Insuring Against Terrorism: New Coverage, New Problems

By Eric C. Rubenstein and David P. Leno

The events of September 11 have changed the way that people view everyday life, including real estate professionals and attorneys.  Lenders and landlords are demanding terrorism insurance protection, and the availability or prohibitive cost of coverage is causing increasing concerns in the industry.

Prior to September 11, terrorism coverage was often free, since the risk of terrorist attack on United States soil seemed remote.  Since September 11, some insurance companies have elected to stop providing basic property coverage because certain states, like New York, compel licensed insurers to provide terrorism insurance. Insurers in other jurisdictions (and unlicensed New York companies) began to offer limited terrorism coverage at inflated cost.  For example, the maximum terrorism coverage policy available to the authority operating the Golden Gate Bridge was $100 million, far short of the $2 billion replacement cost for the bridge.  Most importantly, the annual premium for this fractional amount of coverage was $1.7 million.

Recently, ratings of loans securitized by high profile New York City buildings (e.g., Rockefeller Center, Citicorp Center and the Marriott Marquis Hotel), as well as a Seattle tower, were downgraded by a leading rating agency citing the absence of sufficient terrorism insurance.  The impact of this downgrading on a pool of properties may extend beyond notable properties in major United States cities:  other properties in the pool, which are not likely to be terrorism targets, may suffer the effects of downgrading, including higher financing costs.  The clamor over terrorism insurance is becoming louder, and the economic pinch is being felt.  A court recently decided that the lender on 4 Times Square was reasonable in requiring a multimillion dollar increase in insurance escrows to cover the risk of terrorist attacks, and co?ops and condos are reporting as much as a 400% increase in premium.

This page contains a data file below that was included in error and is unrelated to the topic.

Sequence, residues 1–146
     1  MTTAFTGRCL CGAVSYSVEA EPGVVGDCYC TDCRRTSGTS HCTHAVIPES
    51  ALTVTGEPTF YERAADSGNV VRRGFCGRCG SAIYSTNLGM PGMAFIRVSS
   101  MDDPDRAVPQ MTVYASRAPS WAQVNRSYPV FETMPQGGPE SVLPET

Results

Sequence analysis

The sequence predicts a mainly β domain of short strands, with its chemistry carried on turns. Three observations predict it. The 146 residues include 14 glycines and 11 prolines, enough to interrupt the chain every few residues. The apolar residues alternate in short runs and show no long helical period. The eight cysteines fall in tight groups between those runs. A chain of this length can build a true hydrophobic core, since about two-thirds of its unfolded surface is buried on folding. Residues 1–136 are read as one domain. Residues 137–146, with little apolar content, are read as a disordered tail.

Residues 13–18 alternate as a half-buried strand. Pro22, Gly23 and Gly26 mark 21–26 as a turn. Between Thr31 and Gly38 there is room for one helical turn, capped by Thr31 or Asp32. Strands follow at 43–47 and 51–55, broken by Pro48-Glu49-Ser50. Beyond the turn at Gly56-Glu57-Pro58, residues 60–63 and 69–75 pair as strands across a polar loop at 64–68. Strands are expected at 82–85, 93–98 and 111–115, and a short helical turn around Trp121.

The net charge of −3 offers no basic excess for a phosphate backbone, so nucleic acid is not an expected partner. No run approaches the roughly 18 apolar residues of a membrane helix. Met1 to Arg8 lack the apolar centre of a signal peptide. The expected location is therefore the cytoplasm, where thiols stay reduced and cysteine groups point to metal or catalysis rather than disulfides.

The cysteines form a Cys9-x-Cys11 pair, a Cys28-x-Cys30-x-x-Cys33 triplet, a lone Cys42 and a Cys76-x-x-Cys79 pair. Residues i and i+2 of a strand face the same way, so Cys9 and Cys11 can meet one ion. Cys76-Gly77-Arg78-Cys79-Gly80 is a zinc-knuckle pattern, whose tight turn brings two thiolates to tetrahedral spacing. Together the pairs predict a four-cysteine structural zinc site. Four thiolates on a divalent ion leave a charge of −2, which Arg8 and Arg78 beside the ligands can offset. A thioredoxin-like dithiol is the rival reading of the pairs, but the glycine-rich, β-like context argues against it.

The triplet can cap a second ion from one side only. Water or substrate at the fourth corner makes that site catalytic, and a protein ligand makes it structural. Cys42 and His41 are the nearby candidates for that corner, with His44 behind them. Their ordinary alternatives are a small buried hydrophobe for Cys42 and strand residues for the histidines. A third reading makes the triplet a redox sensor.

Yet, there may be alternatives to direct terrorism coverage. Landlords may get sufficient protection under more traditional insurance coverage options, such as business interruption insurance.  Compelling tenants to obtain business interruption insurance is designed to ensure that rent payments to owners are not interrupted, but is terrorism actually covered in those policies?  Insurance companies may deny claims under ordinary business interruption insurance policies under the “act of war” exclusion.  “Act of war” excludes insurance coverage due to wars, acts of war, revolutions, rebellions, civil wars, civil commotions, riots, blockades, revolts and mutinies.  Because the attack upon the World Trade Center was not a “state-sponsored action,” the “act of war” exclusion will not likely apply.  Owners may therefore enjoy certain protection against terrorist attacks even without requiring tenants to obtain prohibitively expensive terrorism coverage.

Recently proposed federal legislation would mandate the US government to either cover losses due to terrorism over a certain amount, or make loans to insurers liable for such excess sums.  Either approach would make terrorism coverage more readily available and cheaper. Whatever happens in Washington, terrorism insurance issues will be in the forefront of substantial sales, financing and leasing transactions in major US cities in the near future.

Eric C. Rubenstein is a partner and Co-Chair of the Real Estate Department of Ruskin Moscou Faltischek, P.C., and can be reached at 516-663-6513 or erubenstein@rmfpc.aw-develop.comDavid P. Leno is an associate in the Real Estate Department, and can be reached at 516-663-6544 or dleno@rmfpc.aw-develop.com.

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